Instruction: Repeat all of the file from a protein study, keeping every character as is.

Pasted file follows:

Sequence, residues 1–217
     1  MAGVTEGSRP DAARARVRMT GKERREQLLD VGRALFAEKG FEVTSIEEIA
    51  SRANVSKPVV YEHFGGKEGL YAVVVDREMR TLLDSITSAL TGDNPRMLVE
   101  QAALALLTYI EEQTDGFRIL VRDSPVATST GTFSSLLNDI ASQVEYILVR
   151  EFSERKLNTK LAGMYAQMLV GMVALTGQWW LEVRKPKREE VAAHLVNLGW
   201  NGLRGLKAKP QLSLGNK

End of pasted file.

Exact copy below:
Sequence, residues 1–217
     1  MAGVTEGSRP DAARARVRMT GKERREQLLD VGRALFAEKG FEVTSIEEIA
    51  SRANVSKPVV YEHFGGKEGL YAVVVDREMR TLLDSITSAL TGDNPRMLVE
   101  QAALALLTYI EEQTDGFRIL VRDSPVATST GTFSSLLNDI ASQVEYILVR
   151  EFSERKLNTK LAGMYAQMLV GMVALTGQWW LEVRKPKREE VAAHLVNLGW
   201  NGLRGLKAKP QLSLGNK